Entertainment is part of the problem. Once and for all, the corporate culture of the arts and entertainment sectors must be made accountable. I have been a novelist and playwright for almost 40 years, and I also work in television and film. I can tell you from personal experience that there is very little representation of women in American media, arts, and entertainment that is realistic, authentic, and accurate. Flaubert said, “Madame Bovary, c’est moi,” and he was right. Men have had almost exclusive control of how women are represented since forever, and today women creators and gatekeepers consciously or unconsciously replicate those distortions in order to stay in the game. The obstacle is that in the U.S. we confuse familiarity with quality, and so when writers try to bring in truly complex work from women’s point of view, the newness of the material creates anxieties in producers, publishers, and other gatekeepers, which they may not even understand themselves. Whereas repetition of tried-and-true distortions feels comfortable and “right,” American cultural production has been a big contributor to this current crisis because the truth about women’s lives is simply unrepresentable without enormous financial and social risk. And the loss of abortion rights is one of the most severe consequences.
Restrictions on speech raise the stakes. Laws prohibiting speech that helps pregnant women obtain clinical abortions or access to medical abortions in states that still offer access are on the rise. These punitive measures are rapidly evolving in the context of “Don’t Say Gay” laws; restrictions on criticizing Israel; book bans in libraries and classrooms; and repression of Black history, the role of American racism, the truth of queer life, and the fact of trans existence. Increasingly the state is being used to stop truth-telling. These terrifying acts of overt repression have broad chilling effects. In fearful anticipation of being silenced, denied publication, or fired from jobs, some people will repress their own ideas. It is much harder to force the authorities to stop us from speaking and may feel safer to stop ourselves preemptively.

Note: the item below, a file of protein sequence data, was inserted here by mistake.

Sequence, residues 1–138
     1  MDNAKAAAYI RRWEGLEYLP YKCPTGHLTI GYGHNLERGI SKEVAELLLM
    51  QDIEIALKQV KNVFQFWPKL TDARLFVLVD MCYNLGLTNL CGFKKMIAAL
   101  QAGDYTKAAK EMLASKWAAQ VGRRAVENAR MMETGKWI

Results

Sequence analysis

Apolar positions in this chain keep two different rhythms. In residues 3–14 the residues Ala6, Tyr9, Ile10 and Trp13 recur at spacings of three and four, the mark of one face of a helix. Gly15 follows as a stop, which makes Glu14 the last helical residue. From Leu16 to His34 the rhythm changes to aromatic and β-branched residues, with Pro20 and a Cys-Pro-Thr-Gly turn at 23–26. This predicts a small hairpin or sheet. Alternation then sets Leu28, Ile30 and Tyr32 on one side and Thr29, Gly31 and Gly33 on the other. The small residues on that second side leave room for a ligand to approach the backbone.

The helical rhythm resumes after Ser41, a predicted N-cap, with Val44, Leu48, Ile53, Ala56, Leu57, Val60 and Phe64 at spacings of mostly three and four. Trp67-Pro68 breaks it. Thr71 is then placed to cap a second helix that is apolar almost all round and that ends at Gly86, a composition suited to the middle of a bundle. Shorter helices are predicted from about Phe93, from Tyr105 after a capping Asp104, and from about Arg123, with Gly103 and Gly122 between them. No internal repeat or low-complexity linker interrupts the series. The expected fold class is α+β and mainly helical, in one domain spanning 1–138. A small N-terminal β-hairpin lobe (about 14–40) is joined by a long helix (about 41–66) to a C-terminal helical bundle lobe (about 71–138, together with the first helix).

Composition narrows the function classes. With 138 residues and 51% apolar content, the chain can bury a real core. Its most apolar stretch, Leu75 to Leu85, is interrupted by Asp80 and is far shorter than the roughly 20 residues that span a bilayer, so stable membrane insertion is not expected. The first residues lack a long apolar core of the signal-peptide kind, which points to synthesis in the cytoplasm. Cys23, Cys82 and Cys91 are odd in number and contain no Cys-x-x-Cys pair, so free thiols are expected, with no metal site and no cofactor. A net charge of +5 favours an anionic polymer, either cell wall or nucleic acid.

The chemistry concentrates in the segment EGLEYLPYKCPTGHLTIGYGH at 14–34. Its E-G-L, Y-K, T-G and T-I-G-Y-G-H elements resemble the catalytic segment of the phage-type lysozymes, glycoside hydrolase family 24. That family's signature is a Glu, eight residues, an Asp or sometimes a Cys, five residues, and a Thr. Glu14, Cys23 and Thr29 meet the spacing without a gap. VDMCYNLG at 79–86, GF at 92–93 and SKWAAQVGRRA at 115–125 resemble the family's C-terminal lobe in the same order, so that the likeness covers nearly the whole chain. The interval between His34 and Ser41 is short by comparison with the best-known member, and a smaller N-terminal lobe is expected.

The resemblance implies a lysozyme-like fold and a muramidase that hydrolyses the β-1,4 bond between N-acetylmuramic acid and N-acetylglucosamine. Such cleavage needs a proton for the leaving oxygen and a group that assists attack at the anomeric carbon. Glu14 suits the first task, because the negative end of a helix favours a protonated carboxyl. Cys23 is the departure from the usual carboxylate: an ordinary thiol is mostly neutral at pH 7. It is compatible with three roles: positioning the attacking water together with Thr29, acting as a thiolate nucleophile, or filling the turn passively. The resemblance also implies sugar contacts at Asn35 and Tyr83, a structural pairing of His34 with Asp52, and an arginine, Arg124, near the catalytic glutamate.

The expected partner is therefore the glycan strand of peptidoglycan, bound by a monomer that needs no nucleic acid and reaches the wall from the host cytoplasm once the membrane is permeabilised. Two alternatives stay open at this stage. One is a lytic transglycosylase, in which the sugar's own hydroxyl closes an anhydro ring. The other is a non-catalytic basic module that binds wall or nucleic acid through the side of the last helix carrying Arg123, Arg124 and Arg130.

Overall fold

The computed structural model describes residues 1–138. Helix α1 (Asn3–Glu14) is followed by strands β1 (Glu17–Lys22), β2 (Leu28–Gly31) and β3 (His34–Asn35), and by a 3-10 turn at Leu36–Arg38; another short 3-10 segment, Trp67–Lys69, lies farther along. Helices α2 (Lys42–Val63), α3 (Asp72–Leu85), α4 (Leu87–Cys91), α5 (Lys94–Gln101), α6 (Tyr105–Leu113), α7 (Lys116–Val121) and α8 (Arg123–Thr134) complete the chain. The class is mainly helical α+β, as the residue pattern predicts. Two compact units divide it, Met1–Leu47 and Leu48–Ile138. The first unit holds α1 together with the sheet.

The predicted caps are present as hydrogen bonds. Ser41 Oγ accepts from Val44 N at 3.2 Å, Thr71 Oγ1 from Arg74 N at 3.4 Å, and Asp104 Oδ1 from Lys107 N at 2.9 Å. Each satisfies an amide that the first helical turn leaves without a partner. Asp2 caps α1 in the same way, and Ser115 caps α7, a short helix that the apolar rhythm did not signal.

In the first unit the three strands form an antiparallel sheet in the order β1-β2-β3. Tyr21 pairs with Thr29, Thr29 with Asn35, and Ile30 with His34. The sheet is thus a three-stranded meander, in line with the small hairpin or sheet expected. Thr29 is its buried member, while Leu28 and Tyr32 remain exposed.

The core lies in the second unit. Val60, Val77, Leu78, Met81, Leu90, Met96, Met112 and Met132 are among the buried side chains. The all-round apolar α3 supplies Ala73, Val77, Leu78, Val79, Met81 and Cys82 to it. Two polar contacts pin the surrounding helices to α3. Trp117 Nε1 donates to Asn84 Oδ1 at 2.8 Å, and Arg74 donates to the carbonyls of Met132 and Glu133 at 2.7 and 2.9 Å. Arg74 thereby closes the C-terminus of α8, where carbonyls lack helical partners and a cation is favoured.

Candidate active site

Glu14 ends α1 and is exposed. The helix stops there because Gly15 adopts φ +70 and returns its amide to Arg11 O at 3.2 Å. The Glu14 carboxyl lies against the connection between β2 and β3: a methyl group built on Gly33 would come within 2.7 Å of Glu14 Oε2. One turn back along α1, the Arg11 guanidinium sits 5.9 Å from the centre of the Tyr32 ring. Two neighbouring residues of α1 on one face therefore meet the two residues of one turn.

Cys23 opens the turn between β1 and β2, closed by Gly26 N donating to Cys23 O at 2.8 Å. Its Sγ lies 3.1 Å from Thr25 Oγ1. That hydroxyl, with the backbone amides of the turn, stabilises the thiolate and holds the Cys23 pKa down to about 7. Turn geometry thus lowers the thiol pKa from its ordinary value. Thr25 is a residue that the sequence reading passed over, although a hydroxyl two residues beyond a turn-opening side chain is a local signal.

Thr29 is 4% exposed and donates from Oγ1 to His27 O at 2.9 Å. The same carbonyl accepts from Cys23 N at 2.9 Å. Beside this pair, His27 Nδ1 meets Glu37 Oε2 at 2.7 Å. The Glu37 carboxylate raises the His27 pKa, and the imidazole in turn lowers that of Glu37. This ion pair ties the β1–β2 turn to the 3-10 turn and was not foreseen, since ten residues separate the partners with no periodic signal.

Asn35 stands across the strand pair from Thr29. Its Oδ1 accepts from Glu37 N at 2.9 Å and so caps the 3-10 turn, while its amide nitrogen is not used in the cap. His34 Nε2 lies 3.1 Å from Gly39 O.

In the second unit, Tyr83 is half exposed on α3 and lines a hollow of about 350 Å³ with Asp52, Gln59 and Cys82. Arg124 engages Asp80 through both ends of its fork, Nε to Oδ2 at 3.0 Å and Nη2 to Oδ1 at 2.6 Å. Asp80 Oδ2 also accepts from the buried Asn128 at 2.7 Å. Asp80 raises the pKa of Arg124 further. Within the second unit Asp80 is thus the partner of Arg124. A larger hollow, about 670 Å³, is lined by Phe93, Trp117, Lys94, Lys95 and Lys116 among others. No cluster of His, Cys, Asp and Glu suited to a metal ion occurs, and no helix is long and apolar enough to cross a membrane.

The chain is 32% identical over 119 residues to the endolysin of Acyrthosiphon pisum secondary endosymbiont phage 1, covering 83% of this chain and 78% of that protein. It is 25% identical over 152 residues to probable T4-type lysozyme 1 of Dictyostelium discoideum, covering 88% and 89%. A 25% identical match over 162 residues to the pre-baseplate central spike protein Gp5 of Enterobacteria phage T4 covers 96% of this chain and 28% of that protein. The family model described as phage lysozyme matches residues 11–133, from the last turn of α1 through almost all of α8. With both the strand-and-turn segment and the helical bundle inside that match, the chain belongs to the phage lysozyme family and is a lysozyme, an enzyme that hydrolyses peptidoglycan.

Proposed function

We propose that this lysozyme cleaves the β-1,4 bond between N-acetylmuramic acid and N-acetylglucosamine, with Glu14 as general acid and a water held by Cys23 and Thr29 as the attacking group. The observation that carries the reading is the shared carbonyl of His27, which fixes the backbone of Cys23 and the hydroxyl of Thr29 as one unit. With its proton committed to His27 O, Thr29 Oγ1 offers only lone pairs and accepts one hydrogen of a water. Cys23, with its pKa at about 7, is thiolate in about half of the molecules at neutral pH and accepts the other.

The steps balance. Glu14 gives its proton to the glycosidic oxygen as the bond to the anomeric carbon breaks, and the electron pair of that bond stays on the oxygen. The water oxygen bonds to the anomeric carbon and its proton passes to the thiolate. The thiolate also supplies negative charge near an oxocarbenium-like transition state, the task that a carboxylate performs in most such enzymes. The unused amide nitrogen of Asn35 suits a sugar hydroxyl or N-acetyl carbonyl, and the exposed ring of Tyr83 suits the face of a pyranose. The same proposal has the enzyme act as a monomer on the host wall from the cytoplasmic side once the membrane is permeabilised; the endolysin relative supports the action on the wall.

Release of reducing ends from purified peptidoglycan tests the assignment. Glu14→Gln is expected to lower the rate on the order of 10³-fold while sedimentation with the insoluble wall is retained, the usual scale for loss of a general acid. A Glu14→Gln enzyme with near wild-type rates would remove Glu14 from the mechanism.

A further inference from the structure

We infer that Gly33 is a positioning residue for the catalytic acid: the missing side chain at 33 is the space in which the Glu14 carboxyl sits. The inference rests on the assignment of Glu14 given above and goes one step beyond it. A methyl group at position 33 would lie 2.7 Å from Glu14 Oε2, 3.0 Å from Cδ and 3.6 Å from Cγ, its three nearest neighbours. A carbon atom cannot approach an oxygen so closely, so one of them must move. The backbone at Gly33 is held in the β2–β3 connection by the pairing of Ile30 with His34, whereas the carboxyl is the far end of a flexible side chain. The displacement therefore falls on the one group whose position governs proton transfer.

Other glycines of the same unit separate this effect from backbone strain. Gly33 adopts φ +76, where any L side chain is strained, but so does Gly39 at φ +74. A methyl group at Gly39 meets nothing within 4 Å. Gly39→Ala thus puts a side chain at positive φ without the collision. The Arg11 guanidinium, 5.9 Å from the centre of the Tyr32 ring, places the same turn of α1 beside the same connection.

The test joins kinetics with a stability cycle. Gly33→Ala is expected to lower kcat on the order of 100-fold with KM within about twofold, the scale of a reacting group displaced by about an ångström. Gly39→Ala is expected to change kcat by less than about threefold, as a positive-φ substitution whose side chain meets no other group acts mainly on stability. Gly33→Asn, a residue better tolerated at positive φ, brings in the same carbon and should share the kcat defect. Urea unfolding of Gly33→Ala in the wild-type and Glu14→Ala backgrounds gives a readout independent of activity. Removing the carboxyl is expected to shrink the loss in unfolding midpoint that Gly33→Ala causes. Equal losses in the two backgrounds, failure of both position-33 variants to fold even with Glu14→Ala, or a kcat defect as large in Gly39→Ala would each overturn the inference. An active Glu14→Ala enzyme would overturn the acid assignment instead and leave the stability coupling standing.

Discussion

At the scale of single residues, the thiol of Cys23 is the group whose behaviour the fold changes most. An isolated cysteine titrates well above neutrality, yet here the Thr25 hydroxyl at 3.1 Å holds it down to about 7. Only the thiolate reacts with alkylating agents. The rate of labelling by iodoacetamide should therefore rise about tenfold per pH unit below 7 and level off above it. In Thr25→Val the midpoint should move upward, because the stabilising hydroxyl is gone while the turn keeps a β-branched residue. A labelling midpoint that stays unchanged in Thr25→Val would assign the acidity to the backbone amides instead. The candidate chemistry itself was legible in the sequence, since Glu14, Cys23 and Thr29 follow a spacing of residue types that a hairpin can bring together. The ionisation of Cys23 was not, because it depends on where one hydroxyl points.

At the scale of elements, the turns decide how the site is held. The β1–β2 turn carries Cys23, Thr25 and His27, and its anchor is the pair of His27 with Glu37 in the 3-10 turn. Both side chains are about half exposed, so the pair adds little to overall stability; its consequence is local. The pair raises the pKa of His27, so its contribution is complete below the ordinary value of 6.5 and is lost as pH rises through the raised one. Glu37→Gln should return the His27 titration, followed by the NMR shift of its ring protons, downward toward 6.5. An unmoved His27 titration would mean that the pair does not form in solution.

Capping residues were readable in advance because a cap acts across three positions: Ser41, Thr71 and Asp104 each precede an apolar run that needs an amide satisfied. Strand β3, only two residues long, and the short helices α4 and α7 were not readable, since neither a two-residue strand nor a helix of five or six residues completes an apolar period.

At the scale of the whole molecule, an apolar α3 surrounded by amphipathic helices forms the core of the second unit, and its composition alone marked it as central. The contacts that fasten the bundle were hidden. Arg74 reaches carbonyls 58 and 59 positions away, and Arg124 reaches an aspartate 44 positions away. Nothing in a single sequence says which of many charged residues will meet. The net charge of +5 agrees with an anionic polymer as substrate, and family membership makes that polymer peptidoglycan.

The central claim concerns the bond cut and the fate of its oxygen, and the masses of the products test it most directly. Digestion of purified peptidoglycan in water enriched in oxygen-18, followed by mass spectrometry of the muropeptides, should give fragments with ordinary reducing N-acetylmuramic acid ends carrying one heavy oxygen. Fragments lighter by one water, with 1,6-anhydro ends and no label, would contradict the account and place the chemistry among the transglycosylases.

appeasement is not safe, because authoritarianism is a ravenous monster that is
never satisfied. As my Hunter College
professor Audre Lorde warned us, “Your silence will not protect you.” What does
give us a chance to slow givebacks, build resistance movements, and turn the
tide is our own American history of civil disobedience: workers fighting for
unions, Black people seeking rights and power, women insisting on
self-determination, and people with AIDS confronting the state until death if
necessary. If fighting for abortion
rights, or other basic rights, means breaking the law, so be it. And acceptance
of this is as essential to our generations as it was to all our predecessors
who defied unjust laws. As many resistors said before us, it is a time for “no
business as usual.” And in moments of crisis, that is how positive change gets